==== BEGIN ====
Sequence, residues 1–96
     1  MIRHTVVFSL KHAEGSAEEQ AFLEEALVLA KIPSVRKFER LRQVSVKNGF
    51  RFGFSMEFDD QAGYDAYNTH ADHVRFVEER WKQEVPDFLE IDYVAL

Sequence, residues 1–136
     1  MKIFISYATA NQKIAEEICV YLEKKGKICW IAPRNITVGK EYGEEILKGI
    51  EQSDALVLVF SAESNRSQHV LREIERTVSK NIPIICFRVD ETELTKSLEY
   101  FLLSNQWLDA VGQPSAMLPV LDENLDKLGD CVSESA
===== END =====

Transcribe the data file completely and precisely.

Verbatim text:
Sequence, residues 1–96
     1  MIRHTVVFSL KHAEGSAEEQ AFLEEALVLA KIPSVRKFER LRQVSVKNGF
    51  RFGFSMEFDD QAGYDAYNTH ADHVRFVEER WKQEVPDFLE IDYVAL

Sequence, residues 1–136
     1  MKIFISYATA NQKIAEEICV YLEKKGKICW IAPRNITVGK EYGEEILKGI
    51  EQSDALVLVF SAESNRSQHV LREIERTVSK NIPIICFRVD ETELTKSLEY
   101  FLLSNQWLDA VGQPSAMLPV LDENLDKLGD CVSESA